You could say the world’s best hybrid 3D visualization system is the apple of Noel Kawano’s eye. It should be. The masters in engineering student and a handful of others at the University of Hawaiʻi at Mānoa designed and built the immersive virtual reality environment with ultra-high-resolution display walls.
“I know every little bolt, every little nut and screw. There’s like thousands of pieces,” said Kawano, “I know every little detail of it.”
It’s called the Destiny-class cyber-enabled Collaboration Analysis Navigation and Observation Environment, or CyberCANOE, under creator and Information and Computer Science Professor Jason Leigh.
“[The students] did everything from the design of the structure to coming up with the specs for the computer to developing the software that had to be used to drive the system. Even designed custom 3D printed parts so that we could align all of the displays together,” Leigh said.
The research tool enables visualization of big data and the immersive 3D environment with 256-million-pixel resolution needs the computing power equivalent to 32 of the latest 4K TV sets. The $250,000-project was funded by the National Science Foundation and the UH Academy for Creative Media System. Information and computer science masters student Jack Lam eventually realized the CyberCANOE would need eight computers, much more power than he was used to.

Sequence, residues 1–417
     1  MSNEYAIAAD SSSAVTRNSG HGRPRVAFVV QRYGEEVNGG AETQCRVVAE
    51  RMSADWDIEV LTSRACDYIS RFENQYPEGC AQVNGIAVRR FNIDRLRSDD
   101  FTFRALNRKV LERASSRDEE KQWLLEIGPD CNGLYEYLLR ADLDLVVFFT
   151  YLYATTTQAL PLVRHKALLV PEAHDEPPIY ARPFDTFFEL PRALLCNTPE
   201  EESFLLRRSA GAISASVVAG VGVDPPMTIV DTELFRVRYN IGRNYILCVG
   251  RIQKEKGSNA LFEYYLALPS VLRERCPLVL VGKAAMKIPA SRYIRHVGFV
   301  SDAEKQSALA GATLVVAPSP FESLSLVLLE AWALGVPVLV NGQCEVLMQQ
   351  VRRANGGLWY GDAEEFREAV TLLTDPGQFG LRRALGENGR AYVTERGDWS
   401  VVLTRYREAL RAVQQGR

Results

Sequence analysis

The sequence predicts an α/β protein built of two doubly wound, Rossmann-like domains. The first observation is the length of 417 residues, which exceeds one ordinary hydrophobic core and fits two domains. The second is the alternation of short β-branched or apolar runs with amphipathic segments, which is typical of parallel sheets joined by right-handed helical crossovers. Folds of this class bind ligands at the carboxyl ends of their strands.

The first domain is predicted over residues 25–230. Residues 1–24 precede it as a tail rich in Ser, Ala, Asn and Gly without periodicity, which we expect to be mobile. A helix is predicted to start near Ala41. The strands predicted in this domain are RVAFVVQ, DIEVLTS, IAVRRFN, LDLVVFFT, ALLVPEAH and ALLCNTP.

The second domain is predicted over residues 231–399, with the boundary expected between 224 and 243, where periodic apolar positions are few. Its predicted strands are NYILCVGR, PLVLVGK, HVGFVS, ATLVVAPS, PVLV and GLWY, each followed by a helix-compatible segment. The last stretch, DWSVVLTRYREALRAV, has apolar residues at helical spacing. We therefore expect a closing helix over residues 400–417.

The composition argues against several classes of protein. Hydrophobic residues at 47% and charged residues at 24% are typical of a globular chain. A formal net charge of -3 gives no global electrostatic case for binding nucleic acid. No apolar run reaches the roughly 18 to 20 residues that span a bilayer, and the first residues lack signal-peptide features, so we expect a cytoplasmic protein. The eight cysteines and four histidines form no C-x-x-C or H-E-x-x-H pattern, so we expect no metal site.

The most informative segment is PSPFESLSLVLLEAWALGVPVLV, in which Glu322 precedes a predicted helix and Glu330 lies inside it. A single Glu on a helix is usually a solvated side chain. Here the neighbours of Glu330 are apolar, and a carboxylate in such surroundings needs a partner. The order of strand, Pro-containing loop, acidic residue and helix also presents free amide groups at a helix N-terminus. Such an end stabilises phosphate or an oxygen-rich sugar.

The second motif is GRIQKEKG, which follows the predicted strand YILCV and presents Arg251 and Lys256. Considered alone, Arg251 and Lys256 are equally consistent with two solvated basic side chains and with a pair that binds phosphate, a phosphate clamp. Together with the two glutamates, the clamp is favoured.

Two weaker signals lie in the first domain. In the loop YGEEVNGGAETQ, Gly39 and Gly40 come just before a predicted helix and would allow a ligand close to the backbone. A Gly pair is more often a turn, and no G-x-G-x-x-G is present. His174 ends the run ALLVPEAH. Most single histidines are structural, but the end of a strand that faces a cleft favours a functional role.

Lam said, “Being able to work on this set up is a dream.”
Undergraduate computer science major Ryan Theriot designed the all-important software for researchers and scientists to put their projects into the Destiny-class CyberCANOE.
“It teaches you a very good toolset in being able to work as a team in a very real world setting, instead of just in a classroom,” he said.
After you’ve helped to build the best hybrid data visualization environment in the world, what’s next? For some students it’s pitching the intellectual property to investors for possible commercialization.
“Our pitch is that we’ve taken tried, true systems…and we’ve made it 10-times better and we’ve done it here in Hawaiʻi, all built by students,” Kawano said, “We definitely have the wow factor.”
And they want the University of Hawaiʻi’s world-class researchers to use the Destiny-class and the next generation of CyberCANOEs to explore scientific worlds from inside the earth to deep space and beyond.
Interested in developing software for the Destiny-class CyberCANOE?
Get started at the CyberCANOE website.
Source: A UH News story